What is a Cataraft? – Catarafts, commonly referred to as cats, are a specific type of raft that is used for fishing, white-water rafting and floating. Catarafts were made popular by the Russians, who used them on crazy outdoor adventures. Cats fit less people then on a raft of similar size and there is less freedom to move around – you are confined to the chair all day on the river. However, they are commonly used as a fishing platform and are great for rafting over rougher water.
How does it work? – Unlike a raft, there is no rubber floor that is pushed by waves or gets sucked into holes. Instead, there is the frame in between two tubes. What this means for you as a boater, is that you will have a harder time flipping your raft. Cats can be designed for a number of different functions and many cat owners have designed their cat themselves.
When should I use it? – When you should choose a cataraft over a normal raft is going to be up to your personal preferences. Depending on the type of water you will be encountering, the number of people or gear you want to carry or even how long your trip is, will determine the type of boat you should use. I would recommend doing some personal research on what is out there.
Where can you get it? –The ORC has catarafts available for rent. We have 2 available, and it costs $108 to rent for the weekend!
6. April 2012 21:24
Hiking and camping is in my blood. After all, I am a gnome, and we gnomes LOVE spending time outdoors. There is nothing quite as rewarding as enjoying a meal cooked over a camp fire after an exhausting day of trekking and exploring! That being said, there is also nothing quite as saddening as waking up and finding that your food has been eaten by a bear during the night. Need to know how to avoid this tragedy? Two words: bear canister.
You may be surprised to hear that bears have a sense of smell 100x that of a dog’s. They will go to extraordinary measures to get food once the scent is locked in. Bears have been known to break out car windows to get food left in a vehicle, climb trees to it stored in bags, and sometimes even hurt themselves in the process. There is no getting between a bear and food, except a bear canister. In fact, many national parks such as Yosemite, have banned bear bagging (raising a bag of food in the air using a tree branch and rope) because it is seen as ineffective. The only approved method is bear canisters.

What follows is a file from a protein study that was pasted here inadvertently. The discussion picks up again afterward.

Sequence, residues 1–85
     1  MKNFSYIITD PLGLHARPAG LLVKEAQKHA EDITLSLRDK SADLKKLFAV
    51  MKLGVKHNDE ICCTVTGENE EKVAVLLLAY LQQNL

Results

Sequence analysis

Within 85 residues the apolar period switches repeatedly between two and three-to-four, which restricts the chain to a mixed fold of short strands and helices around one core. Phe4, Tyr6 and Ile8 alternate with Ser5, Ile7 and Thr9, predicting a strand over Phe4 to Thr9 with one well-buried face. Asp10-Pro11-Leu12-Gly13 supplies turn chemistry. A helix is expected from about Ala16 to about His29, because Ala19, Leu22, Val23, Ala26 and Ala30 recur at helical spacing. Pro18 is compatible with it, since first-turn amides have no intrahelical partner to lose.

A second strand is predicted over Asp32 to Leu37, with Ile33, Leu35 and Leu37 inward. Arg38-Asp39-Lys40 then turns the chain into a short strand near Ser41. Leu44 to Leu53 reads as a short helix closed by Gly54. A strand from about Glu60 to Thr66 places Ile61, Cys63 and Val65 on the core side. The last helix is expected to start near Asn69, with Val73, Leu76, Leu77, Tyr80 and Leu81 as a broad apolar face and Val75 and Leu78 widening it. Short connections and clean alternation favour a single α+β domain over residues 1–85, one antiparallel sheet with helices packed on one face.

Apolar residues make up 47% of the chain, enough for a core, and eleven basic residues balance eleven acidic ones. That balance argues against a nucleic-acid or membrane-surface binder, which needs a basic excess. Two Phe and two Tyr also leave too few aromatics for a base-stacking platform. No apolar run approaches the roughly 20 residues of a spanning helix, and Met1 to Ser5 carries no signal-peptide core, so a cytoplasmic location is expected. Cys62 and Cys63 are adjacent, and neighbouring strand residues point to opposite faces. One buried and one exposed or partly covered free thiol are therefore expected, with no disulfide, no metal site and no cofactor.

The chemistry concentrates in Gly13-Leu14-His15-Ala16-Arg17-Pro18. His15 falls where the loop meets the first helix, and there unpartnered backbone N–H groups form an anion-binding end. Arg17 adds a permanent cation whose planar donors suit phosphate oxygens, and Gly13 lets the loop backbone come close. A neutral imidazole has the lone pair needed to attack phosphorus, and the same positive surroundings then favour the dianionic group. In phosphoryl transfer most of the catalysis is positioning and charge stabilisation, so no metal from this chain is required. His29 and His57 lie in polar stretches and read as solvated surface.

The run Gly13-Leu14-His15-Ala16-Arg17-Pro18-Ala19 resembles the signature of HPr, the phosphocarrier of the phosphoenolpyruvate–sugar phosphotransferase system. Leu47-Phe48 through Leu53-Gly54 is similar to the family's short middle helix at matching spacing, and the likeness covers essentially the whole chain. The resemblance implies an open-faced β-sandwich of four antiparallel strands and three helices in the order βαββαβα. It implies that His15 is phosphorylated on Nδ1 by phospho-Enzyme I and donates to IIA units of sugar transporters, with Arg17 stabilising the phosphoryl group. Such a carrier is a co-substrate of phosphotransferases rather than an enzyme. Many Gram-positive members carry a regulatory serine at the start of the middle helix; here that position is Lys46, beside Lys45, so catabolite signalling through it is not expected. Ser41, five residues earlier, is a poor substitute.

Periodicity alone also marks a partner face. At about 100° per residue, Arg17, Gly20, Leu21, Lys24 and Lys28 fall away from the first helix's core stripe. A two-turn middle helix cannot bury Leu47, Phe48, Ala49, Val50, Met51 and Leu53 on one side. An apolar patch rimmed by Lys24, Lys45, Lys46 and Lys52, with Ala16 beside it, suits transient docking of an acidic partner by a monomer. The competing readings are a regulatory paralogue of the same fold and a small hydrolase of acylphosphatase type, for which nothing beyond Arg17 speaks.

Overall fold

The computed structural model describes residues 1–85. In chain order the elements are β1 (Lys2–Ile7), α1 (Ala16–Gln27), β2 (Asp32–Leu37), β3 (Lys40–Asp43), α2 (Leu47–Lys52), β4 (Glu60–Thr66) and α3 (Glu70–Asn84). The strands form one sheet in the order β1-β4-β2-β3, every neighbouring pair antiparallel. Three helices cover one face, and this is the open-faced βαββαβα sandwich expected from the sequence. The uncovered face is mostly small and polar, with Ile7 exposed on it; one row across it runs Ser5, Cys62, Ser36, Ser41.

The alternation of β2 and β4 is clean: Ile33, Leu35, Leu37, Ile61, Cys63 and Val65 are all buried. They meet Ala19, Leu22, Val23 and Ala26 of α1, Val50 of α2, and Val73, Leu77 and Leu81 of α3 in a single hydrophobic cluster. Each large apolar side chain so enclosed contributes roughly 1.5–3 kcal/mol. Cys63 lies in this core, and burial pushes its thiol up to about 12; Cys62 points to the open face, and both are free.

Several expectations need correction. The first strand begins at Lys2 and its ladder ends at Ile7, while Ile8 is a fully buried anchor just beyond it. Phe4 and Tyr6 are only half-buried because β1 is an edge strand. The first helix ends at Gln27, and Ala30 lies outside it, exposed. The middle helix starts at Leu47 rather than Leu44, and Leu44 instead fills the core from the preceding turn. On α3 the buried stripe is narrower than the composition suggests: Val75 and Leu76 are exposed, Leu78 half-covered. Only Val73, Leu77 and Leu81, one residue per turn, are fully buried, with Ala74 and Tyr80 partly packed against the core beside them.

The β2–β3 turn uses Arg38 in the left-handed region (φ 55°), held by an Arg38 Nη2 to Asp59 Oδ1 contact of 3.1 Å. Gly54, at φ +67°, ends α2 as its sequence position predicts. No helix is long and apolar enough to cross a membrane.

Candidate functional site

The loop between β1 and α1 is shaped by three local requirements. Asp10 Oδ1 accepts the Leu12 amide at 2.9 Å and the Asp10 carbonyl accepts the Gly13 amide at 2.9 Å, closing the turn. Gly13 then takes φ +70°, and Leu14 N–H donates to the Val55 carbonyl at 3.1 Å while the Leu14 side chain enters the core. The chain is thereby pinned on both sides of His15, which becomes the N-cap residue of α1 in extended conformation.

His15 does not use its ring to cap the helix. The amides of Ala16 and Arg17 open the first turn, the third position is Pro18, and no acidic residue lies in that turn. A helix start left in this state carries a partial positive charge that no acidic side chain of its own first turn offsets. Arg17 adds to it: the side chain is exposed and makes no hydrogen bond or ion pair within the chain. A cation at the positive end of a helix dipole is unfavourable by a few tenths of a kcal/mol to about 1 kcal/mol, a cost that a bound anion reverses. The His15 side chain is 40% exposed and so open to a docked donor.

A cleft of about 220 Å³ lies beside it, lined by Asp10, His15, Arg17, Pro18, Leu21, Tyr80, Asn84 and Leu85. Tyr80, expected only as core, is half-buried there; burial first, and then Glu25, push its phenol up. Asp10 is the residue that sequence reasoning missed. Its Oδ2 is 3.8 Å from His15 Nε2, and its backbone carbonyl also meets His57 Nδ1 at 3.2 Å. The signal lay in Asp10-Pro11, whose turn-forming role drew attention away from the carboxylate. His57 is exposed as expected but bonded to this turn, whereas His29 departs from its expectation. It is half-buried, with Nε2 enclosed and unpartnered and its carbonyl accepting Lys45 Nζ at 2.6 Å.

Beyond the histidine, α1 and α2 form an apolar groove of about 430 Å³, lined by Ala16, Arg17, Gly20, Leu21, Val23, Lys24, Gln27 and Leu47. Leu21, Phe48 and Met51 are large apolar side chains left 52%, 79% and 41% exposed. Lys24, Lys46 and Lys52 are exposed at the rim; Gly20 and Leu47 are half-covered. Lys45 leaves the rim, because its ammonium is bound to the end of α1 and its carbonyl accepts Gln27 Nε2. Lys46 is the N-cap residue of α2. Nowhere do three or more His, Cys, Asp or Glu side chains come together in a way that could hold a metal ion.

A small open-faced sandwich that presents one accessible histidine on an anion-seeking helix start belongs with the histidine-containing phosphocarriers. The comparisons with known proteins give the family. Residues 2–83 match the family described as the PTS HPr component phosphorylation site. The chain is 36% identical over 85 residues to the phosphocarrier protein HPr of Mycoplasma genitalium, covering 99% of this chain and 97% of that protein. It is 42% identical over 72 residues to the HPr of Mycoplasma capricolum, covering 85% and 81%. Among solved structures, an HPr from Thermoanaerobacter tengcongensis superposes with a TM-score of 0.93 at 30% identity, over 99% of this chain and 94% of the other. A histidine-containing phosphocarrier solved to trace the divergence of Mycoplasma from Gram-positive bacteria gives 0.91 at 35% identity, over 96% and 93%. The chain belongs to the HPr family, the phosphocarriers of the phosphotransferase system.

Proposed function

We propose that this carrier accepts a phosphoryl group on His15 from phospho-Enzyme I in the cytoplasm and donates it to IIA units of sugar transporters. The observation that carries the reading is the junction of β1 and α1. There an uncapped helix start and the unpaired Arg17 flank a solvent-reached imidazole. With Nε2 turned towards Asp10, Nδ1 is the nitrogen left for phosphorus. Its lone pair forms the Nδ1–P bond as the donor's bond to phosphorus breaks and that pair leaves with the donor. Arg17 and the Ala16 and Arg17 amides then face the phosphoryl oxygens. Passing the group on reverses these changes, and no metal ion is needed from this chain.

Bear canisters can be made from hard plastics, aluminum, and carbon fiber. They are extremely heavy duty so that bears cannot break into them. However, they are not air tight, so the smell of food can still get out of the canister. It is important to store the food canister 100 feet away from your campsite so if a bear does attempt to open it, they will not be disturbing you. Some people worry that the canisters will be a hassle to carry while they’re camping, but the extra 1.5-4lbs is definitely worth it. The canisters can also have a great carrying capacity. A 700in3 can hold up to a week worth of food for the average hiker.
Another important reason to use a bear canister is for the bear’s own protection. Once a bear tastes delicious human food, they always want more. They begin going to extreme measures to acquire the food and can become a threat to campers and hikers, at which point they need to ... [More]